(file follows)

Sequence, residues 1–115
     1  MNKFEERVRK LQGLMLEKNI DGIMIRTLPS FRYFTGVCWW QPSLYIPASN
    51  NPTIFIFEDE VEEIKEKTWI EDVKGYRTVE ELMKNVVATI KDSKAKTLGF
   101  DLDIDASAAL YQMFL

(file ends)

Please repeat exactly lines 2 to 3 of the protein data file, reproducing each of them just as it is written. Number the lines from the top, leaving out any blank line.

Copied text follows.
     1  MNKFEERVRK LQGLMLEKNI DGIMIRTLPS FRYFTGVCWW QPSLYIPASN
    51  NPTIFIFEDE VEEIKEKTWI EDVKGYRTVE ELMKNVVATI KDSKAKTLGF